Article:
Style is an extremely broad concept that includes melody, harmony, rhythm, structure, orchestration, etc. There are not clean definitions of style, but more or less specific descriptions that describe groups of music — groupings that become fuzzy the closer one looks, because within those groups, any subgroup of pieces may have certain differentiating characteristics from each other and certain characteristics associating any one piece with some other style.
Even taking just the 1950s as an example, there was serialism, indeterminate music, rock-n-roll, country, Indian classical, Gamelan, Catholic liturgical, Lutheran hymns, gospel, rhythm and blues, Delta blues, Chicago blues, bebop, post-bop, free jazz, cool jazz, bubble-gum pop, folk, bossa nova, etc. And all of these had elements in common with the others. For example, certain indeterminate pieces are largely indistinguishable from free jazz at the level of performance, and the difference might only be who created the piece and whether they're considered a classical or jazz musician — a rather arbitrary way to define style.
In short, one can't give examples of "the 50s style". The question would have to be more specific: "What constitutes the general style of 1950s Billboard Top 40 songs?" And even that is immediately going to run into trouble. So, perhaps: "What characteristics are most commonly associated with the greatest hits of the 1950s?" Well, here are the year-end top hits of 1955 according to Billboard:1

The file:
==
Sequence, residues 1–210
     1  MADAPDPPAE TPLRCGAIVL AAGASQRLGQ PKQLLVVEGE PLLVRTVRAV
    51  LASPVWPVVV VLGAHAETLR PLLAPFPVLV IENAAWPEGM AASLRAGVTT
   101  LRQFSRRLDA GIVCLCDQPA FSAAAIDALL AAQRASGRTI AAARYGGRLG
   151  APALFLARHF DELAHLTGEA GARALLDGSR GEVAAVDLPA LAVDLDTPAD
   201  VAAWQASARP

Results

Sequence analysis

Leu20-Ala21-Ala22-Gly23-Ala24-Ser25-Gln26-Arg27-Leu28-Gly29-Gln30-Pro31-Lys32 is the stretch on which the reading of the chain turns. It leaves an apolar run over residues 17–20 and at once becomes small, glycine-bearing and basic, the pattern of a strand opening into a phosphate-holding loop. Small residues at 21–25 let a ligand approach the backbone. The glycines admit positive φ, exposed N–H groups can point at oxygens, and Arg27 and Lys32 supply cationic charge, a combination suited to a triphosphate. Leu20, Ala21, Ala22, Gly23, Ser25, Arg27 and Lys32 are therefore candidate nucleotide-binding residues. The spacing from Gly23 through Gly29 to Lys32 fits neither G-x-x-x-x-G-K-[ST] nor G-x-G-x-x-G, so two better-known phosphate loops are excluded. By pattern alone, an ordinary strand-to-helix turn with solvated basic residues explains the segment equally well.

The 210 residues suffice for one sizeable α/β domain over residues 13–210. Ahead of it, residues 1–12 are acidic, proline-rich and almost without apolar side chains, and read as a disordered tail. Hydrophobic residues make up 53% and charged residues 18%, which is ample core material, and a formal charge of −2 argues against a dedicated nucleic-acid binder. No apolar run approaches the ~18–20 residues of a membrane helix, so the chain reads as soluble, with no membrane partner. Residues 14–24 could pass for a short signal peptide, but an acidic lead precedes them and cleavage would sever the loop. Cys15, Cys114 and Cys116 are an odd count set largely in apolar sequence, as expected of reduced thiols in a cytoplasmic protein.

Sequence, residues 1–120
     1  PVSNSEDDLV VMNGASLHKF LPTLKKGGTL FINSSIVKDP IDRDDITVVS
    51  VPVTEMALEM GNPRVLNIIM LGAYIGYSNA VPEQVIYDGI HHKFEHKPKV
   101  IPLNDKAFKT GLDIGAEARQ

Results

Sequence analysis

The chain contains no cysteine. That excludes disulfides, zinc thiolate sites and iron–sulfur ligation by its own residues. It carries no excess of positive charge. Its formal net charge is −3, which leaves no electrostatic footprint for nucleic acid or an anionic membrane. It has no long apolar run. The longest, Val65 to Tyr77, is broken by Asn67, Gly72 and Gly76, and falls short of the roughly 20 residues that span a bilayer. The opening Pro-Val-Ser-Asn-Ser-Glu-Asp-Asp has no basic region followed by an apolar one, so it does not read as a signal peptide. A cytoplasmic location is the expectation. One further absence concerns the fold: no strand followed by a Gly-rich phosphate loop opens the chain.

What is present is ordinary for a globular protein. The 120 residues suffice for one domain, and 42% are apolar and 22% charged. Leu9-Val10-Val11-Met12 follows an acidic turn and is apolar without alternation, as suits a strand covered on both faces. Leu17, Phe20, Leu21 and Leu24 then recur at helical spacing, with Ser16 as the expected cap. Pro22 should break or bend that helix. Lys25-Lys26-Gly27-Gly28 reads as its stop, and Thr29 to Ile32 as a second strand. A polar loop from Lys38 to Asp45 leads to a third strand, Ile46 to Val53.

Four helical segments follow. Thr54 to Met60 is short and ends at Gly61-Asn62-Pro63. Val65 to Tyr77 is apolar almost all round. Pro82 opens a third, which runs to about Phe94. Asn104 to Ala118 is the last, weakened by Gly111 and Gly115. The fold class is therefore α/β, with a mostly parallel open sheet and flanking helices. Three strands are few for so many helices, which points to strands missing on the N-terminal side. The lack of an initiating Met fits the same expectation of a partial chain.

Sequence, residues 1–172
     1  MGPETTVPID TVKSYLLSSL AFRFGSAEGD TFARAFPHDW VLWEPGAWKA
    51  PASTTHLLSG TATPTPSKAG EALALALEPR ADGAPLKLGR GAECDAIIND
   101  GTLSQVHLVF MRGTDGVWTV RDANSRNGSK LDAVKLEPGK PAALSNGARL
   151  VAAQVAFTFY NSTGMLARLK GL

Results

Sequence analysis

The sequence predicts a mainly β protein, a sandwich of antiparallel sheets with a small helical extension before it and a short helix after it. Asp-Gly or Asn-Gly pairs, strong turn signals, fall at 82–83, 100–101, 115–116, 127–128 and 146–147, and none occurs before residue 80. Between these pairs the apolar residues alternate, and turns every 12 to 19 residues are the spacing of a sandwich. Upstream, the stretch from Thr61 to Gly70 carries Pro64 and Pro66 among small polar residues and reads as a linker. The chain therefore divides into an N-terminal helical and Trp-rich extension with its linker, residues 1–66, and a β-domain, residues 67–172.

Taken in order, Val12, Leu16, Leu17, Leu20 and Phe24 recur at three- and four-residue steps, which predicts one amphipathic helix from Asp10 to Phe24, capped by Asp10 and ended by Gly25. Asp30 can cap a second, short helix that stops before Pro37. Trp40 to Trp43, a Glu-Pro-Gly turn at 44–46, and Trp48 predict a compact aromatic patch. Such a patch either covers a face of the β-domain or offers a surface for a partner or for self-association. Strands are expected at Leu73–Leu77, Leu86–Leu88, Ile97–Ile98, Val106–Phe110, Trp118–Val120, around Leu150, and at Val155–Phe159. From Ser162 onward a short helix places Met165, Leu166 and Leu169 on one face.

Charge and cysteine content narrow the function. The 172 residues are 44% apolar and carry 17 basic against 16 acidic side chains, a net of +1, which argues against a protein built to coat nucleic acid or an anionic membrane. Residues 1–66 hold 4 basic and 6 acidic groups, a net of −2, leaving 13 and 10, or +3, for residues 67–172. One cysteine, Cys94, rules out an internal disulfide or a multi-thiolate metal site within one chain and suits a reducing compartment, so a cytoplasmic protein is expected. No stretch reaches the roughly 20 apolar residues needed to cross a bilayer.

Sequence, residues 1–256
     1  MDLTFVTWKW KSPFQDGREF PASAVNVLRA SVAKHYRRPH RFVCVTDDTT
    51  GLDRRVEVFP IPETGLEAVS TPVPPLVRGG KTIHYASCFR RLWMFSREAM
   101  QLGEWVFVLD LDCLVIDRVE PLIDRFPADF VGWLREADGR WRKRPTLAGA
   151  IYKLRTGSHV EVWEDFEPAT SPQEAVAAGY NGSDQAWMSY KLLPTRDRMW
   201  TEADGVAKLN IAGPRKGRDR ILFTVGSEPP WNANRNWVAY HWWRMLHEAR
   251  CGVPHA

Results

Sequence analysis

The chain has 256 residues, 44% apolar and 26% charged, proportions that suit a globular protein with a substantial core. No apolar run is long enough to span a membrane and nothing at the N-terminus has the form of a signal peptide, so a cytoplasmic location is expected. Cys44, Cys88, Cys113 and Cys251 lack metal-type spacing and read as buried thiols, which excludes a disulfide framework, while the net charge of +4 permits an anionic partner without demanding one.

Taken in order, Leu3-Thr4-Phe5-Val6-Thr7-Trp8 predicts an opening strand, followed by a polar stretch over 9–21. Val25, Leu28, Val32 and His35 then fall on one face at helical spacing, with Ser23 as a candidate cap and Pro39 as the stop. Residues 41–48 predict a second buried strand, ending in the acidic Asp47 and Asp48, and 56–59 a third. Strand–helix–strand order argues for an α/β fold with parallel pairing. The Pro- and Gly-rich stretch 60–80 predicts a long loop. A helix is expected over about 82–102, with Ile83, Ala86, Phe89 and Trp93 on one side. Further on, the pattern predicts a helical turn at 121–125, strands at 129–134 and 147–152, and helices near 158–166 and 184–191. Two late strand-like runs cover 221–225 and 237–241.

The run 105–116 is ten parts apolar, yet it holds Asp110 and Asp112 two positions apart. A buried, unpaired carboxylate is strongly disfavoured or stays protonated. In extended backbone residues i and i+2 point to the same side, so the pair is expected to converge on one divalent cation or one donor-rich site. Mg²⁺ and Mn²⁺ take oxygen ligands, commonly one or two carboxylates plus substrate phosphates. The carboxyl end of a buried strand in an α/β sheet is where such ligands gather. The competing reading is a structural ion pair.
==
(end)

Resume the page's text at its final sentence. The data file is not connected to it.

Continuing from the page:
- "Cherry Pink And Apple Blossom White", Perez Prado (YouTube)
- "Rock Around the Clock", Bill Haley & His Comets (YouTube)
- "The Yellow Rose of Texas", Mitch Miller (YouTube)
- "Autumn Leaves", Roger Williams (YouTube)
Based on the diversity of music just in those four, I think anyone would be hard pressed to discern a unifying 1950s style, or even a 1955 style.
Style is slippery.